Archaeological discoveries

Urfa Man, the oldest large naturalistic human sculpture found, is over 10,000 years old

In the article that we dedicated to the prehistoric statues of Ain Ghazal, we said that they were 10,000 years old, since they have been dated between 7,200 and 6,500 BC. But even so, they are not the oldest anthropomorphic statues of almost natural dimensions, since that honor goes to the so-called Man of Urfa.

This sculpture, which is also known as Balıklıgöl giant from the place where it was found in 1993 in the southeast of what is now Turkey, near the town of Sanliurfa (ancient Edessa), it is dated to around 9000 BC, in the pre-ceramic Neolithic period.

It was found during road construction works in the Yeni Mahalle district, north of Balıklıgöl, although the exact location of the find was unfortunately not recorded. At the time of discovery it was broken into four pieces, although it is not clear if it was due to construction work or if it was already in that state.

It is contemporary with Göbekli Tepe, whose site is also very close to Sanliurfa, about 15 kilometers northeast of the city and only 10 from the site of the statue's discovery, and with whose culture experts believe it is related. In fact, the site in which it was found was largely destroyed, but it is known to have a small T-shaped pillar similar to those in Layer II of Göbekli Tepe.

It is nearly life-size as it stands 1.90 meters tall, is made of light-colored sandstone, and depicts a person standing upright with hands clasped holding or covering something (which some believe to be his own attributes). The statue is cut just below the hands, so the legs and feet are not represented, resting on an uncarved block of stone that was originally buried and served to keep it standing.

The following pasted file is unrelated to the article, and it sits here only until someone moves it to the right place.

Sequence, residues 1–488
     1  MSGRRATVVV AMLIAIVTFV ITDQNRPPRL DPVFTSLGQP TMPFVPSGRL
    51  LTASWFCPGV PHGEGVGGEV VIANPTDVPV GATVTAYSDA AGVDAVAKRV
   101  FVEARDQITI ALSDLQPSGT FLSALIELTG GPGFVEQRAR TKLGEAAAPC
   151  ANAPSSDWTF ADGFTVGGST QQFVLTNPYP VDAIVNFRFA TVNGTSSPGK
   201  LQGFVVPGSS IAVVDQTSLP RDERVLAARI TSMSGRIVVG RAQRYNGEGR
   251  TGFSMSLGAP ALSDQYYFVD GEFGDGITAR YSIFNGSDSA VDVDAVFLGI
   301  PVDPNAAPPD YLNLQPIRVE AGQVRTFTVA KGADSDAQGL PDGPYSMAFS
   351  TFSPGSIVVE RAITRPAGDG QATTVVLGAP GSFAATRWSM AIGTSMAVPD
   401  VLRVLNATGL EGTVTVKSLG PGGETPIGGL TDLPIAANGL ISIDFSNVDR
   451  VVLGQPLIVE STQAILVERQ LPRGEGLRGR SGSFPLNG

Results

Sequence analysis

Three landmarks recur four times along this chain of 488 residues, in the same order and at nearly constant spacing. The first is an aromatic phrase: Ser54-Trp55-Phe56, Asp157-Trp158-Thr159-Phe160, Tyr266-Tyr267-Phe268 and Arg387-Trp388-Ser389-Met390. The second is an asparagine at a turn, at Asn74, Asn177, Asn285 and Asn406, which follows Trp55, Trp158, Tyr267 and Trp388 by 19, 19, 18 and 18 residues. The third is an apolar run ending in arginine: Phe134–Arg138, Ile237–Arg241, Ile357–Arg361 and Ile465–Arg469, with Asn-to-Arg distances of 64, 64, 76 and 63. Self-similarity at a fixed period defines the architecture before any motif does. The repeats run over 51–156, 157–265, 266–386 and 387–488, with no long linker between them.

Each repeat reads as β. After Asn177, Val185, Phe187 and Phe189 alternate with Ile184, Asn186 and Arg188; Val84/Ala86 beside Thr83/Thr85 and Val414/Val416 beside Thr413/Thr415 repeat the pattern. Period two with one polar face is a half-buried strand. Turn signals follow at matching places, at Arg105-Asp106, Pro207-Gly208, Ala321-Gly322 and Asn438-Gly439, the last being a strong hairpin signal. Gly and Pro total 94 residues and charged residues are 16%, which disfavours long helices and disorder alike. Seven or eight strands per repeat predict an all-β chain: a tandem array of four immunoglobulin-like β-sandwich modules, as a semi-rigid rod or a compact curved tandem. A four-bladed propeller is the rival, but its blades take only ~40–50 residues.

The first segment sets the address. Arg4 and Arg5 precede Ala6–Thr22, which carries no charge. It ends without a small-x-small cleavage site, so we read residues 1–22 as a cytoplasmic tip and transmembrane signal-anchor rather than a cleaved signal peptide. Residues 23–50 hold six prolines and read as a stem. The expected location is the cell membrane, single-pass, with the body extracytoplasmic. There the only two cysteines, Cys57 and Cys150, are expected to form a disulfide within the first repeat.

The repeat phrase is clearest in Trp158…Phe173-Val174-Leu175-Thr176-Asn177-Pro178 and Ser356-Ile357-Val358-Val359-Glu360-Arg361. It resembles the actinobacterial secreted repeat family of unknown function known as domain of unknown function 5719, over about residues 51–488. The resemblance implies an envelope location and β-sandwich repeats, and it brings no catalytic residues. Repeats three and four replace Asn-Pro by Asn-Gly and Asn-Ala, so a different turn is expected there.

The face has two deep cavities in which black obsidian stones were embedded to simulate the eyes, and an accentuated nose. It appears to have no mouth, although some believe there are remains of what appears to be an open mouth showing sharp teeth. A kind of double V-shaped necklace hangs from his neck (a motif similar to that found in other sites such as Göbekli Tepe), while his arms are slightly separated from the body.

It is unknown if the statue represents a deity, a priest or a king, or has some other meaning. Some heads similar to those of the Urfa Man have been found at Göbekli Tepe, which were probably part of similar statues.

In these cases the heads seem to have been intentionally cut from the sculptures, and deposited next to the pillars. They seem to have formed part of a complex hierarchical system of imagery directly related to the functions of the circular enclosures.

On display at the Sanliurfa Archaeological Museum, Urfa Man is considered the oldest large-scale naturalistic human sculpture found so far. Smaller sculptures, only a few centimeters high, but much older, have been found in different places in Europe, such as the Lion Man of Ulm (dated to around 40,000 BC), the Venus of Dolni Věstonice (around 30,000 BC), the Venus of Willendorf (around 25,000 BC) or the Venus of Brassempouy (around 25,000 BC).